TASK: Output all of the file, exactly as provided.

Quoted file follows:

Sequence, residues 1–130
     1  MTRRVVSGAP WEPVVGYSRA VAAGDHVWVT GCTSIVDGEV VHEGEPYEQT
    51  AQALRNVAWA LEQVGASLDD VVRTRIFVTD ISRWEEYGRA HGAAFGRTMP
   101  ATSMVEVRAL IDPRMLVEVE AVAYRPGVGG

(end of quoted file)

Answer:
Sequence, residues 1–130
     1  MTRRVVSGAP WEPVVGYSRA VAAGDHVWVT GCTSIVDGEV VHEGEPYEQT
    51  AQALRNVAWA LEQVGASLDD VVRTRIFVTD ISRWEEYGRA HGAAFGRTMP
   101  ATSMVEVRAL IDPRMLVEVE AVAYRPGVGG